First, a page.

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Magazine or Scholarly Journal

Magazines or Popular Periodicals

  • Tend to have short articles (1-5 pages)
  • Cover a variety of topic/subject areas (Time, The New Yorker, National Review ). They may also cover a single subject area with the intention of informing or entertaining the readership (Sports Illustrated or Audubon).
  • Contain articles that do not contain a bibliography or cited reference page. The reader cannot check the author's information by tracking down and reading the original information source.
  • Intended for a non-academic, non-specialized audience.
  • Use conventional/conversational language, as opposed to a specialized vocabulary.
  • Provide articles written by journalists, rather than researchers or specialists in a given field.
  • Provide articles often accompanied by photographs or other illustrations.
  • Include extensive commercial advertising.
  • Issued frequently (i.e. come out weekly, bi-weekly or monthly).
  • Are sometimes in newspaper format.

Trade Journals

  • Intended for a very specific audience, usually managers or administrators in business, finance, or industry (e.g. Brandweek, Constructor, or Food Management).
  • Issued weekly or monthly to take advantage of fast-breaking changes in products or technology.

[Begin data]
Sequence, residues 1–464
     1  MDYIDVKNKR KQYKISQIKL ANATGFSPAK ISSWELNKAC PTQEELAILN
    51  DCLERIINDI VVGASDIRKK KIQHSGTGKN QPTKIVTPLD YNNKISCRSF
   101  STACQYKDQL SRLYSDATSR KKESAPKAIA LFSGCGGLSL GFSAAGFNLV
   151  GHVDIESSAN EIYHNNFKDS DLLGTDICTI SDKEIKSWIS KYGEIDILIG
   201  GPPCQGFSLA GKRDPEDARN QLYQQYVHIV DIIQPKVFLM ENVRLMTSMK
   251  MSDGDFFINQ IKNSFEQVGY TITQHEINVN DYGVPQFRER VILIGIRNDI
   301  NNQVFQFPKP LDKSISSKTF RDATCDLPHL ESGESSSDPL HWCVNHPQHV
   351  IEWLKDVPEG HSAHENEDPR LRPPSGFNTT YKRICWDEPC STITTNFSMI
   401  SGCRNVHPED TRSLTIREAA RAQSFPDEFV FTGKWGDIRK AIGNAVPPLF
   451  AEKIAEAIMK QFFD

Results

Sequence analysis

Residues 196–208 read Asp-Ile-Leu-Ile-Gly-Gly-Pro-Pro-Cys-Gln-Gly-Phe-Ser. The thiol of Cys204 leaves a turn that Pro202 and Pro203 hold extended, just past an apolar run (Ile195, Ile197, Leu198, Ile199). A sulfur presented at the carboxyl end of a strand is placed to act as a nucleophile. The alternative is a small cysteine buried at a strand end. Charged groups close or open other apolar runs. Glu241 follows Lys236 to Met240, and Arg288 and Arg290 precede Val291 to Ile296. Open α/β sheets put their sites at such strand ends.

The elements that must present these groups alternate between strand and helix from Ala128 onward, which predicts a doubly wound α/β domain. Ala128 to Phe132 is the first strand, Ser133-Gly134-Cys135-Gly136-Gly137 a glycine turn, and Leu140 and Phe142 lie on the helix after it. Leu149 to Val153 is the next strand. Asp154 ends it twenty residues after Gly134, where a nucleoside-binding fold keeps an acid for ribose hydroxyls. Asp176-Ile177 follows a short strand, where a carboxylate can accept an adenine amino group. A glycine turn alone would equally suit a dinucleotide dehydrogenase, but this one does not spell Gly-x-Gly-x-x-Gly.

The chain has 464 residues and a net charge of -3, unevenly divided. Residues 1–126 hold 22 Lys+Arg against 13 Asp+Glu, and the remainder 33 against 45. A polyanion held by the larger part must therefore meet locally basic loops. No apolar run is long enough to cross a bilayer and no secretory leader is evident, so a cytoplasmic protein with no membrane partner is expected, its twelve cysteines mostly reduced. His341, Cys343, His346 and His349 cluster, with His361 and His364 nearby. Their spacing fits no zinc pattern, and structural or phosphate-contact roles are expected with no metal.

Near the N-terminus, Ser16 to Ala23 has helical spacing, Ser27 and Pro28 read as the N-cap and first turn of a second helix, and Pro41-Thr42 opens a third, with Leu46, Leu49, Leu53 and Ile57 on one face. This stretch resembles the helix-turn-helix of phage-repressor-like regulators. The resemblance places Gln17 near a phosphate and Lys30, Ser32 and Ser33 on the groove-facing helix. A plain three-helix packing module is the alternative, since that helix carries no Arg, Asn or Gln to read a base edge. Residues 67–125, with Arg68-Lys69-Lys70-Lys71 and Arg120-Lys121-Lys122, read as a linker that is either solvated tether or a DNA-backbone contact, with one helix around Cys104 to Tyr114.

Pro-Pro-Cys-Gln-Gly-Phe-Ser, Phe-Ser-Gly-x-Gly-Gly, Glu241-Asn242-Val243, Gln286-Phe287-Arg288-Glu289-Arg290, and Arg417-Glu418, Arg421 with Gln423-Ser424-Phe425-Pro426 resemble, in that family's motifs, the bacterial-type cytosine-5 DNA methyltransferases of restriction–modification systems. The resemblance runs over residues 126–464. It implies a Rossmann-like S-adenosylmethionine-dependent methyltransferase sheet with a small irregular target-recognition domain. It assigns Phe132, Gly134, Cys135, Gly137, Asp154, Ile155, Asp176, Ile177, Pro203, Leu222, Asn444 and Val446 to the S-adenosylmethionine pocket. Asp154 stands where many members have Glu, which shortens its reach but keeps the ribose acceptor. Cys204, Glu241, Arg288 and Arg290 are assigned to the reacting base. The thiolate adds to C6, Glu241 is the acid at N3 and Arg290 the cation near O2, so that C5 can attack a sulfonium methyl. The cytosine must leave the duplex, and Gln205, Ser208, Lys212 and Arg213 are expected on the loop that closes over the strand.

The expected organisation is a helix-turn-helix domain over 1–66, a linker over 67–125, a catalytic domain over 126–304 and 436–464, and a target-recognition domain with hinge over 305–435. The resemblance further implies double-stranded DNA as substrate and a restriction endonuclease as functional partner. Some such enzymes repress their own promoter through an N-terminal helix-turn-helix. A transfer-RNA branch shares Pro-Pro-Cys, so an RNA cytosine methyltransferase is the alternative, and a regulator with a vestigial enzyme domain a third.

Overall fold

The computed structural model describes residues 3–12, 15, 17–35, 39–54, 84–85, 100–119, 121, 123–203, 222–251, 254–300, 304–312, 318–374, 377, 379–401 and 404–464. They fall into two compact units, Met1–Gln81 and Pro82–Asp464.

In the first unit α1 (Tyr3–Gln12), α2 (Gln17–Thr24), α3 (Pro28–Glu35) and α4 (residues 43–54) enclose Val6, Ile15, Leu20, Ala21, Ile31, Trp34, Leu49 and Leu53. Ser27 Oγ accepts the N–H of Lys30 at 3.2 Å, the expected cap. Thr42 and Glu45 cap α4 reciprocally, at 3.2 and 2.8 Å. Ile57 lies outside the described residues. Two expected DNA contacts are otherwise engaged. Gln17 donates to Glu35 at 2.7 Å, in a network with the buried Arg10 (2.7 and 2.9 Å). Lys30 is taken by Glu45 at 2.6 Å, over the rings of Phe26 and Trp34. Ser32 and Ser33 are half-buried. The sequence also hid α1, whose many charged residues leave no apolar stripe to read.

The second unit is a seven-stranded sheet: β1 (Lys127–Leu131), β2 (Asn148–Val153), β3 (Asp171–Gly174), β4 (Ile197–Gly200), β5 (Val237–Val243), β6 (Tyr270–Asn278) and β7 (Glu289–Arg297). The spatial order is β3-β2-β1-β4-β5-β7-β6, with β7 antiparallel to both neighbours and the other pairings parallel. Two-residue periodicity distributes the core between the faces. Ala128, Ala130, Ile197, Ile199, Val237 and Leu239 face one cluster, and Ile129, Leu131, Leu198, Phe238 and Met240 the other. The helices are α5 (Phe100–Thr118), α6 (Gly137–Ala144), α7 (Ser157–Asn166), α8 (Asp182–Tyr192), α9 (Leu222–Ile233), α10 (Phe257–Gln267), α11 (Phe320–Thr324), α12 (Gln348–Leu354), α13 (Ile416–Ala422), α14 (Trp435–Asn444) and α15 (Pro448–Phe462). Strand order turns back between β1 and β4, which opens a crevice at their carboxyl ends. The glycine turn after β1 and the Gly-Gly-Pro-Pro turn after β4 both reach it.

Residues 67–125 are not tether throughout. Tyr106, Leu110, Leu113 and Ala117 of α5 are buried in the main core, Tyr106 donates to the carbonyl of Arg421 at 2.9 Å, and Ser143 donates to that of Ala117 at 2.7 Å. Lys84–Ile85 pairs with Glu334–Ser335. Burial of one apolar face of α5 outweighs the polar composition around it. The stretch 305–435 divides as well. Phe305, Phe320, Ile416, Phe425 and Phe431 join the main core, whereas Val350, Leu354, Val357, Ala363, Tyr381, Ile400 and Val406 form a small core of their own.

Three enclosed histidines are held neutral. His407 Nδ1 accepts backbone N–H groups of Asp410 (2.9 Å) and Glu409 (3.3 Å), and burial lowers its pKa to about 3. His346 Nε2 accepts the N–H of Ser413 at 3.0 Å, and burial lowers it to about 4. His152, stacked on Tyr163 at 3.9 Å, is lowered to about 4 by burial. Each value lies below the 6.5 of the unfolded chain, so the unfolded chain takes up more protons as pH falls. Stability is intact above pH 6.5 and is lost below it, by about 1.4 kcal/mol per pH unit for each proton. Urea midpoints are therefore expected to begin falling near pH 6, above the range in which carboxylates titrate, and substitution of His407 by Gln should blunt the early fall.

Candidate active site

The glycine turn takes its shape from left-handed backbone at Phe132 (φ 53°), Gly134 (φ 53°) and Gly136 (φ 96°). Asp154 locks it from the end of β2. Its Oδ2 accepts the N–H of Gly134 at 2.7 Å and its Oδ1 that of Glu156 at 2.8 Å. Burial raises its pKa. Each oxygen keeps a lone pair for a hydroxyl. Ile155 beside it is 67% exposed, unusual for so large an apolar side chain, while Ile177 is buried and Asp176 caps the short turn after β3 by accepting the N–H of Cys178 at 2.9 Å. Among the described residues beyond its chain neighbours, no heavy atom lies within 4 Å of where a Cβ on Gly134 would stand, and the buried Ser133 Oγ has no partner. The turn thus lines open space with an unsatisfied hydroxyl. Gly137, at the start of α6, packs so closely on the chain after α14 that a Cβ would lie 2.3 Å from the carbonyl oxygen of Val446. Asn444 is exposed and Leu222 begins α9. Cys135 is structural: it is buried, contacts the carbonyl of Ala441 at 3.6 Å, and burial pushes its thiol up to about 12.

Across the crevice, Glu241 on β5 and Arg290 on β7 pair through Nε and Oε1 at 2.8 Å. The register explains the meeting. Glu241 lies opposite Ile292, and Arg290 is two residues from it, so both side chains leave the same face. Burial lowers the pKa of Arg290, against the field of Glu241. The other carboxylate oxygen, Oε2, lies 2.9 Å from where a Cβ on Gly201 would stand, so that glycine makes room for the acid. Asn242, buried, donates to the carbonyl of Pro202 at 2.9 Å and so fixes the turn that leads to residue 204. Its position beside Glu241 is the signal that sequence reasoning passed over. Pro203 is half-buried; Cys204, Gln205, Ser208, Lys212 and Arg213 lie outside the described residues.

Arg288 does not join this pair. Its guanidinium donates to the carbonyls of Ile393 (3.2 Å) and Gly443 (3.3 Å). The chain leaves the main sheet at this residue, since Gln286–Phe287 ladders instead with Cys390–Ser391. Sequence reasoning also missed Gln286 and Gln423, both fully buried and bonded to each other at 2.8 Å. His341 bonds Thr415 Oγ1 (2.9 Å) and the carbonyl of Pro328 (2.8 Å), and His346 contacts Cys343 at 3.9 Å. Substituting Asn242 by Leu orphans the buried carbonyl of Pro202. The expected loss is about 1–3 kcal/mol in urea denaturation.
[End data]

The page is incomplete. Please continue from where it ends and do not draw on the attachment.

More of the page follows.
• Contain regular columns of news and commentary, as well as lengthier articles about current issues and trends of interest to people in the field.
  • Include articles written by specialists or journalists.

Scholarly Periodicals and Journals

Scholarly journals are also called 'academic' journals or 'peer reviewed' journals and:

  • Include lengthy articles (five to fifty+ pages) which contain original research or results of a study done in a specific subject area (e.g. music theory, psychology, medicine).
  • Contain articles with footnotes or cited reference pages. The cited references allow the reader to consult the same material that the author used in his/her research.
  • Intended for an academic or scholarly audience and use technical or specialized vocabulary.
  • Publish articles written by scholars, specialists, or researchers in the field (as opposed to articles written by journalists reporting on or synthesizing research).
  • Publish reviews of the literature.
  • Include articles with charts or tables: news photos and other types of graphics are often not used except in the case of articles on visual subjects such as art, design, or architecture.
  • Produced under the editorial supervision of a professional association (e.g. Journal of the American Medical Association) or by a scholarly press (e.g. University of Washington Press).
  • Contain little or no advertising or photographs.
  • Issued less frequently than magazines (i.e. two to twelve times per year.)